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Microeconomics Chapter 10 Notes

by: Danyn Notetaker

Microeconomics Chapter 10 Notes ECON 1010

Marketplace > Tulane University > Economcs > ECON 1010 > Microeconomics Chapter 10 Notes
Danyn Notetaker

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About this Document

Lecture notes and text books info
Armine Shahoyan
Class Notes
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This 2 page Class Notes was uploaded by Danyn Notetaker on Friday April 8, 2016. The Class Notes belongs to ECON 1010 at Tulane University taught by Armine Shahoyan in Summer 2015. Since its upload, it has received 8 views. For similar materials see Microeconomics in Economcs at Tulane University.

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Date Created: 04/08/16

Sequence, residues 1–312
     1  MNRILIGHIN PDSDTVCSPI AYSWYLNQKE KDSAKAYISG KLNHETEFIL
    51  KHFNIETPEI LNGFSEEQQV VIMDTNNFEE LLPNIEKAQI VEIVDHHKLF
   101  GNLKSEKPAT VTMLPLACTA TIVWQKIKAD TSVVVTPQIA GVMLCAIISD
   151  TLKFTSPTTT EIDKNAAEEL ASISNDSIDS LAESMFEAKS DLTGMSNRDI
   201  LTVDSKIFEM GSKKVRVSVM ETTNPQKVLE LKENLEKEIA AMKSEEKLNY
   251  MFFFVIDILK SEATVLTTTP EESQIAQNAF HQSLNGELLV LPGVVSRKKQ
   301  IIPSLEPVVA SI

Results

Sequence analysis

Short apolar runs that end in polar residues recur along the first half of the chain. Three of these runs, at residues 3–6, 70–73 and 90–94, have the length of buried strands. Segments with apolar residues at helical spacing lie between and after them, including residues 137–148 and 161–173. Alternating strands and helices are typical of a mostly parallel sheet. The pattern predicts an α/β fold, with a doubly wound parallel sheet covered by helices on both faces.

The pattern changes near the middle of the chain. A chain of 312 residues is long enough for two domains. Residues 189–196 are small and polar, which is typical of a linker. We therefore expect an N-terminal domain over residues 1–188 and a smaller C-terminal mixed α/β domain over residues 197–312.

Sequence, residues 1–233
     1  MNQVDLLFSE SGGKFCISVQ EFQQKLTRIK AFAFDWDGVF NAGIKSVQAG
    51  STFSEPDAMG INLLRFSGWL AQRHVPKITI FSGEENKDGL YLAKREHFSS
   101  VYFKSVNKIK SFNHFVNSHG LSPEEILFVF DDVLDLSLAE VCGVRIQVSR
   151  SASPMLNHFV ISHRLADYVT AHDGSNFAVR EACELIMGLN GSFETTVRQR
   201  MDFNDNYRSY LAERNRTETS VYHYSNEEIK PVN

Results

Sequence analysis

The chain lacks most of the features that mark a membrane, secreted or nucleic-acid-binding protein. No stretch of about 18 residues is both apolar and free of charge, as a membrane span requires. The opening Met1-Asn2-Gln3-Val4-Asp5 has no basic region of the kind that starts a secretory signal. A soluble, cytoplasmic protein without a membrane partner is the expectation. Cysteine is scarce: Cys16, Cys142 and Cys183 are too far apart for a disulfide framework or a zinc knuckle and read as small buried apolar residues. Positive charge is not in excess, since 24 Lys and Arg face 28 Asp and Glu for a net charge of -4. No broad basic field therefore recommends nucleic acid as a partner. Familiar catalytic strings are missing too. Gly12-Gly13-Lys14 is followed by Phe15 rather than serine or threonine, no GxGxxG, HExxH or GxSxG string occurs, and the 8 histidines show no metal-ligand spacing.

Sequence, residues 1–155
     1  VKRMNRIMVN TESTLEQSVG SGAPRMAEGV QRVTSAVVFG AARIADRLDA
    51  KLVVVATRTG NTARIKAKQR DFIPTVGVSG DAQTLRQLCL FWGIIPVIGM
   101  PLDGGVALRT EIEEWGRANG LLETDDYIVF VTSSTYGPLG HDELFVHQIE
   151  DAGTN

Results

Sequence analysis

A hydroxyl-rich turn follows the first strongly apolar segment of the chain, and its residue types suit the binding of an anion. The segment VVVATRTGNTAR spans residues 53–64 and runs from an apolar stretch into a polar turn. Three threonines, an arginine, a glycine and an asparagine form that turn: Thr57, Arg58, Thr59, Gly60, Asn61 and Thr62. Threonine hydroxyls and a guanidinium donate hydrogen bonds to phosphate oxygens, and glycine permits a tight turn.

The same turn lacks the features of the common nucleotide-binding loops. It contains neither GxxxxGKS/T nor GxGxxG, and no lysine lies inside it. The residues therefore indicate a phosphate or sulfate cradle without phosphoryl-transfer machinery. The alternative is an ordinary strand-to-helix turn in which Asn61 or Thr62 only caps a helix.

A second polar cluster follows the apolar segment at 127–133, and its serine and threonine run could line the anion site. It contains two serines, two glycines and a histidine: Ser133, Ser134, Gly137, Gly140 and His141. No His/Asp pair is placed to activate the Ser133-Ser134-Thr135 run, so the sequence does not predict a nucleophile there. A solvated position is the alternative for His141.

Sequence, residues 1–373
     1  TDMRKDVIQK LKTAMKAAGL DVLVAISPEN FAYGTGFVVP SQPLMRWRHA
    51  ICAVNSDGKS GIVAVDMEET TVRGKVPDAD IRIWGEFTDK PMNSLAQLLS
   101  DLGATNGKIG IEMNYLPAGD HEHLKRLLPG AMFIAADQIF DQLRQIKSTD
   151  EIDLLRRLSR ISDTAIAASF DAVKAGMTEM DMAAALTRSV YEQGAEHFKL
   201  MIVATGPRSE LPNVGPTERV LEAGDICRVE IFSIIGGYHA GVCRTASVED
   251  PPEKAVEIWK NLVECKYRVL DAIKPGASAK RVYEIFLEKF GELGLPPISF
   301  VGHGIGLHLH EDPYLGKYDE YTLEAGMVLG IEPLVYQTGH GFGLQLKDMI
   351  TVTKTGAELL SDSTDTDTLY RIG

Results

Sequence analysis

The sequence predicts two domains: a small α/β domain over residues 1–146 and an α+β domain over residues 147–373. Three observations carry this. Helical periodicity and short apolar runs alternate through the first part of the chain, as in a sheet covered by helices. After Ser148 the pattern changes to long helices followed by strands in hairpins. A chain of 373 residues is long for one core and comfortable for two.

Four Market Models - Pure competition - entails a large number of firms, standardized product, and easy entrance by new firms - At the opposite extreme, pure monopoly has one firm that is the sole seller of a product or service with no close substitutes; entry us blocked for other firms - Monopolistic competition - is close to pure competition, except that the product is differentiated among sellers rather than standardized product - An oligopoly is an industry in which only a few firm exist, so each is affected by the price Pure Competition: Characteristics and Occurrence - The characteristics of pure competition: • Pure competition is rare in the real world, but model is important - Model helps analyze industries with characteristics similar to pure competition - Model provides a context in which to apply revenue and cost concepts developed in previous chapters - Pure competition provides a norm against which to compare and evaluate the efficiency of real world • Many seller means that there are enough so that a single seller has no impact on price by its decisions alone • The products in a purely competitive market are homogeneous/standardized, each seller’s product is identical to its competitor’s • Individual firms must accept the market price; they are takers and exert no influence over price - There are four major objectives to analyzing pure competition • To examine demand from the seller’s P.O.V. • See how a competitive producer responds to market price in the short run Explore nature of long run adjustments in a competitive market • • Evaluation efficiency of competitive industries Demand as Seen by a Purely Competitive Seller - Individual firm will view its demand as perfectly elastic • Demand sure isn’t perfectly elastic for the industry: only appears that way for individual firm Average, Total, and Marginal Revenue - Average Revenue- price per unit for each firm in pure competition - Total revenue- Price x quantity sold - Marginal Revenue - change in total revenue and will also equal unite prince in conditions of pure competition Profit Maximization in Short Run: Two Approaches - In the short run a firm has fixed plant and maximizes profits or minimizes losses by adjusting output; profit=TC-TR - Three Questions that must be answered • Should firm produce? • If so, how much? • What will be the profit/loss? - Firm shit down if the losses are greater than the fixed cost - MR=MC rule means that the firm will maximize profits/minimize losses by producing at a point which MR=MC in the Short Run Three features of this MR=MC rule are important • - Tule assumes that MR is less than or equal to the minimum average variable cost or firm will shut down - Rule works for firms in any type of industry - Price=MR - Determining equilibrium price for a firm and an industry • Total-supply and total-demand data must be compared to find the most profitable price and output levels Firms Vs. Industries - Firm vs. industry: individual firms must take price as given, but the supply plans of all competitive producers as a group are a major determinant of product price


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